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Sex differences in antihypertensive drug use and blood pressure control
  1. Junwen Wang,
  2. Weihong Jiang,
  3. Manju Sharma,
  4. Yuyan Wu,
  5. Jiayin Li,
  6. Nana You,
  7. Zewen Ding,
  8. Xiexiong Zhao,
  9. Huilin Chen,
  10. Huiting Tang,
  11. Xiaoyu Zhou,
  12. Xiaogang Li
  1. Department of Cardiology, The Third Xiangya Hospital of Central South University, Changsha, China
  1. Correspondence to Professor Weihong Jiang, Department of Cardiology, The Third Xiangya Hospital of Central South University, Changsha 410013, China; jwhxy3{at}126.com

Abstract

Background Hypertension is the most important modifiable cardiovascular risk factor. Epidemiological studies have shown the benefits of lowering blood pressure (BP), but BP control is a major challenge. Furthermore, there are significant sex differences in antihypertensive drug use and BP control. This study examined sex differences in antihypertensive drug use and BP control, with the aim of reducing the complications of hypertension and improving quality of life.

Methods The study was performed in our outpatient hypertension clinic, and included 1529 patients without secondary hypertension or comorbidities. The study, investigated BP control rates and patterns of antihypertensive drug use in male and female. All data were collected using structured questionnaires and patient measurements.

Results The study included 713 males and 816 females in this study. Fewer females had hypertension in the younger age group (16.2% vs 11.6%; p>0.05), but this difference disappeared in middle-aged (47.8% vs 49.9 %; p<0.05) and elderly age groups (36.0% vs 38.5%; p<0.05). BP control rates differed between males and females (35.6% in male, 31.9% in female, p<0.01). There was an overall difference in BP control rates between males and females (35.6% in males, 31.9% in females, p<0.01). In this aged 18–44 years, angiotensin converting enzyme inhibitors (ACEIs) showed the best control rate in males, while calcium channel blockers (CCBs) were least effective (61.5% with ACEIs, 28.6% with CCBs; p<0.05). In this aged 45–64 years, diuretics (DUs) showed the best control rate in females, while CCBs were least effective (47.5% with DUs, 28.3% with CCBs; p<0.05).

Conclusions Sex plays an important role in BP control. In those aged 18–44 years, males using ACEIs showed best control rates. In those aged 45–64 years, females using DUs showed best control rates. Our study provides a basis with the selection of antihypertensive drugs according to sex and age.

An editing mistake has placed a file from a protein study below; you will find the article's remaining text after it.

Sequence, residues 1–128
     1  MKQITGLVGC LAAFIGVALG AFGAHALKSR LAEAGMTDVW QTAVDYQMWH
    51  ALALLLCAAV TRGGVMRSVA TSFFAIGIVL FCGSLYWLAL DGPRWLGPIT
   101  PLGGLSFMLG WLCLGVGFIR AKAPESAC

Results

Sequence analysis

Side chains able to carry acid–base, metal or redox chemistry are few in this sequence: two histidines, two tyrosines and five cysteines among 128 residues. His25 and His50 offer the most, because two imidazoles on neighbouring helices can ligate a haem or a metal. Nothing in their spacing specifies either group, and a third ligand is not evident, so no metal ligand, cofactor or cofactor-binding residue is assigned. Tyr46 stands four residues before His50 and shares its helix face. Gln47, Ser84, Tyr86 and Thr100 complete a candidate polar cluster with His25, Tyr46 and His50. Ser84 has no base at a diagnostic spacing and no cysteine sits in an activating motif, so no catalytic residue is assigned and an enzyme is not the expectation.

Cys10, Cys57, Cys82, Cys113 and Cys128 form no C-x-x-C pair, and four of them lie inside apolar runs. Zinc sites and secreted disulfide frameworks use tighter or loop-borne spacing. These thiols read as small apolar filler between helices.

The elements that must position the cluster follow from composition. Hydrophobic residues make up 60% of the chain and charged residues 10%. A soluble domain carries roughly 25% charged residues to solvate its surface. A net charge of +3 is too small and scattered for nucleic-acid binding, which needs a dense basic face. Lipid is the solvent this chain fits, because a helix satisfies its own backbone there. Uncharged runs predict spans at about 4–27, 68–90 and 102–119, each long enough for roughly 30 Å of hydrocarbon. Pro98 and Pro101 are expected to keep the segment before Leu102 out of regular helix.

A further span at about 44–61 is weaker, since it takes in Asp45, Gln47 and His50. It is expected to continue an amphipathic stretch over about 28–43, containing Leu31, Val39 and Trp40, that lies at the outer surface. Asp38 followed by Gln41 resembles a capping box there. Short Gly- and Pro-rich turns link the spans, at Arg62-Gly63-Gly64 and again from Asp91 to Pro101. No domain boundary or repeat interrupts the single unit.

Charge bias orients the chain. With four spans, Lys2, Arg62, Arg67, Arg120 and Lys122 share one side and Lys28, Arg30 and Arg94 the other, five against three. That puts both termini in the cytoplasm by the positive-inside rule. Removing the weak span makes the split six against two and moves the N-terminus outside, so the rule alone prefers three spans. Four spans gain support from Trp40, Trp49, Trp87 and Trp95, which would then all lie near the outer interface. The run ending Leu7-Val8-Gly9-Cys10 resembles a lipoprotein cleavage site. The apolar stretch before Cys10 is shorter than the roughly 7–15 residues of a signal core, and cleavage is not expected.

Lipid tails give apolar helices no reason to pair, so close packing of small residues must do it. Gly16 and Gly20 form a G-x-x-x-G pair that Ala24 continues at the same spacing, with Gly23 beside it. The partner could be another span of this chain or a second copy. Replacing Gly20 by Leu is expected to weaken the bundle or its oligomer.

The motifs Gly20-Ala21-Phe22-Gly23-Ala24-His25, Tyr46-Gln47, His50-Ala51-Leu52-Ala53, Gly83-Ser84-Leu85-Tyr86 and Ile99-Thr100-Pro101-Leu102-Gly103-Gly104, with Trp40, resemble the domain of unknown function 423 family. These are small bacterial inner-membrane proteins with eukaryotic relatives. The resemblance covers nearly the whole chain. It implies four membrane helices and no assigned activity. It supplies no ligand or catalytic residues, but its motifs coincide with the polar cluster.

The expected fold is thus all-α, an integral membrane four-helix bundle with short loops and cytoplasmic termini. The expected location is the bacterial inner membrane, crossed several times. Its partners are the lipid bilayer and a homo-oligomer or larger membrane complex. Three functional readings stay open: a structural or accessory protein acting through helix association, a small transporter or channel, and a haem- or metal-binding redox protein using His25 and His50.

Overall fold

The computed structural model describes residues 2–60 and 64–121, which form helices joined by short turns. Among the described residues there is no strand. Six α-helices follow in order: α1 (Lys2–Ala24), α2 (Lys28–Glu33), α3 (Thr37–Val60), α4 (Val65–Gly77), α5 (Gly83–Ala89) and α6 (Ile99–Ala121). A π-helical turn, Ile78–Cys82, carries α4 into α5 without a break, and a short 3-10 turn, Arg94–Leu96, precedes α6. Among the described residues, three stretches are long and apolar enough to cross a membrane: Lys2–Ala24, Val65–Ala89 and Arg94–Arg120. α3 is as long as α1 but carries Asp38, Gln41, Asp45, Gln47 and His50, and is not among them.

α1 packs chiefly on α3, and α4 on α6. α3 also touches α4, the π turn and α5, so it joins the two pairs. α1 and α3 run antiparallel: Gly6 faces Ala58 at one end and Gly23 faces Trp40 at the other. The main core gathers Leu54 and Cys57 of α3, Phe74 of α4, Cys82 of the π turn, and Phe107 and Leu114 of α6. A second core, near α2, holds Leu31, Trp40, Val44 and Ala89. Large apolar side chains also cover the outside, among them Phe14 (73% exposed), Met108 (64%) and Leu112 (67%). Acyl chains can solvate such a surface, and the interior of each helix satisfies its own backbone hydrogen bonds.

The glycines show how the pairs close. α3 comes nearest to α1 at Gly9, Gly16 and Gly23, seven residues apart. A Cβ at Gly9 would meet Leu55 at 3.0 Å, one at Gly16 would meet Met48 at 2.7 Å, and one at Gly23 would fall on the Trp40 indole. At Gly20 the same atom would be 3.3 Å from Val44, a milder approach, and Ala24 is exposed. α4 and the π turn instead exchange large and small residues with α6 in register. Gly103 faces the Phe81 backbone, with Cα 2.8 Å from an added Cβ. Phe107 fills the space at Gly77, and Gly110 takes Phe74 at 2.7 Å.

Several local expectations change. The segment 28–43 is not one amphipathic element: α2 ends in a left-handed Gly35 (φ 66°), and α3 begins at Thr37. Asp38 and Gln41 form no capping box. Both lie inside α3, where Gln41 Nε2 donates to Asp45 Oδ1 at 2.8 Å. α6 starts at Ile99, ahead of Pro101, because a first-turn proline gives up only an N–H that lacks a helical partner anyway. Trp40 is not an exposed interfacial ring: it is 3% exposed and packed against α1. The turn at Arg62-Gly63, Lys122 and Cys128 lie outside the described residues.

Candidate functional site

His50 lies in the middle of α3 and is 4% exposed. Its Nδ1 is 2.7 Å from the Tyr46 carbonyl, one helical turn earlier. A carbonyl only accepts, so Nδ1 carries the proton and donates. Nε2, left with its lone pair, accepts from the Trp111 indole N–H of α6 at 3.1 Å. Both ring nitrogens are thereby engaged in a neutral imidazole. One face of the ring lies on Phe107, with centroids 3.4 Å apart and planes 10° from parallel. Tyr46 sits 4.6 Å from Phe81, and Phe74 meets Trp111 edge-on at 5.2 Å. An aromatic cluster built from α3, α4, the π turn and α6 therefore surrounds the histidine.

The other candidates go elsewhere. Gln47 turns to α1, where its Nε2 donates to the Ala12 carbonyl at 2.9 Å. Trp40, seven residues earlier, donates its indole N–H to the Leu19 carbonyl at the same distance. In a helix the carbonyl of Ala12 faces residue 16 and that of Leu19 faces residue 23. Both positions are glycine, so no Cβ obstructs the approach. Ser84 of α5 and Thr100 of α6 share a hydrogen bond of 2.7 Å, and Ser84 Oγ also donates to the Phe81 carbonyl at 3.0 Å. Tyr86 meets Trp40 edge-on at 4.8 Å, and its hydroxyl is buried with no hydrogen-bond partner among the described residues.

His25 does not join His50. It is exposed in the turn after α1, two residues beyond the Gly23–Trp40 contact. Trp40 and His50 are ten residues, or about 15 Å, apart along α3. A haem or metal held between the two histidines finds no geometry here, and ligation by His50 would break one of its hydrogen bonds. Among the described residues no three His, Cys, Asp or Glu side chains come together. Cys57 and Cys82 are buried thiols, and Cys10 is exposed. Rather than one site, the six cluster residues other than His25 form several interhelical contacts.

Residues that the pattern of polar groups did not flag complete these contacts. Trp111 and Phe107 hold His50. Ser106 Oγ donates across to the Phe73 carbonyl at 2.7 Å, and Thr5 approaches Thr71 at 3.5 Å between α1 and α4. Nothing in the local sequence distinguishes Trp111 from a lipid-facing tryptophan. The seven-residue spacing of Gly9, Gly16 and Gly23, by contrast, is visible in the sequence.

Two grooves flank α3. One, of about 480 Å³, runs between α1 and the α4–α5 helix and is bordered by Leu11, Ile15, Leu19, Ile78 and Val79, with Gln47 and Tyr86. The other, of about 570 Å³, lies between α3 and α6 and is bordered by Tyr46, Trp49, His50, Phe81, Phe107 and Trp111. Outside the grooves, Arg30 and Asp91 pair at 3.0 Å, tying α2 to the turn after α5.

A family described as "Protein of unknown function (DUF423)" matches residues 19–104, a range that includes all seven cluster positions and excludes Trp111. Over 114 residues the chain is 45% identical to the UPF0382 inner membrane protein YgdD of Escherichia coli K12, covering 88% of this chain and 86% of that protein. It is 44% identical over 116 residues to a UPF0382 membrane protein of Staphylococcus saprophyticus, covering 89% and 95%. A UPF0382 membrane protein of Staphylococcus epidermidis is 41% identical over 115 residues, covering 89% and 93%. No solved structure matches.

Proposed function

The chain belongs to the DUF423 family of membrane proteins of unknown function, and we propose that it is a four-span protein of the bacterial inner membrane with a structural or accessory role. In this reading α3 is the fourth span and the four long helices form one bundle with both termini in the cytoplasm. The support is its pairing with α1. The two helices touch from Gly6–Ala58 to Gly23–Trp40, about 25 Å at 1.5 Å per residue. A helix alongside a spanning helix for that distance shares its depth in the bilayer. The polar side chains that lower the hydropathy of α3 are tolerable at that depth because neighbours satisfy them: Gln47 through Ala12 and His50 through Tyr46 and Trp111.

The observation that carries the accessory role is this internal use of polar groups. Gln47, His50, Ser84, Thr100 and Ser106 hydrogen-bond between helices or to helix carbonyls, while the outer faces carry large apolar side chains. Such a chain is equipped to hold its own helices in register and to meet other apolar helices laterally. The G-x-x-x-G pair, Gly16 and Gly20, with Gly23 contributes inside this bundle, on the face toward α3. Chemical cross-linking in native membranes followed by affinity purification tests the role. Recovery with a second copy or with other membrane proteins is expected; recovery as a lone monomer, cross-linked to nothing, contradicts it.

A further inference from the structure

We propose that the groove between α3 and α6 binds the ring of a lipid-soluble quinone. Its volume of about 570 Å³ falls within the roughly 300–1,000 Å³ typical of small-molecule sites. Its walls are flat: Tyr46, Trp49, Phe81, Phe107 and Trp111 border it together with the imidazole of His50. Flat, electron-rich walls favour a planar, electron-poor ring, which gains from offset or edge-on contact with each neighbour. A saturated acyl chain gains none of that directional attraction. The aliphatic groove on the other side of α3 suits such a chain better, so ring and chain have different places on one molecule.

• sex difference
  • antihypertensive medication
  • blood pressure
  • adults
  • drug prescribing pattern
  • outpatient
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Footnotes

  • Correction notice This article has been corrected since it was published Online First. Author name should read Xiaoyu Zhou, and not Xiaoyu Zhao.

  • Contributors All persons who meet the authorship criteria are listed as authors, and all authors certify that they have participated sufficiently in the work to take public responsibility for the content, including participation in the concept, design, analysis, writing or revision of the manuscript. WJ, MS, JW: study design, data collection, statistical analysis, manuscript writing, proof-reading.

    LX,ZXX, ZXY,DZ, WY, YN: contribution to manuscript. LJ, TH, CH: proof-reading.

  • Funding This study was financially supported by the National Natural Science Foundation of China (NSFC) Projects (No. 81670335 and 81800271).

  • Competing interests None declared.

  • Patient consent for publication Not required.

  • Ethics approval An informed consent was taken from all the patients, who were undergone with the approval of the institutional review and ethical committee of Cardiology Department of the Third Xiang Ya Hospital, Central South University. Following ethical approval, permission of the execution of this study was granted.

  • Provenance and peer review Not commissioned; externally peer reviewed.

  • Data sharing statement Data are available in a public, open access repository. There are no data in this work. Data are available upon reasonable request. Data may be obtained from a third party and are not publicly available. No data are available. All data relevant to the study are included in the article or uploaded as supplementary information.

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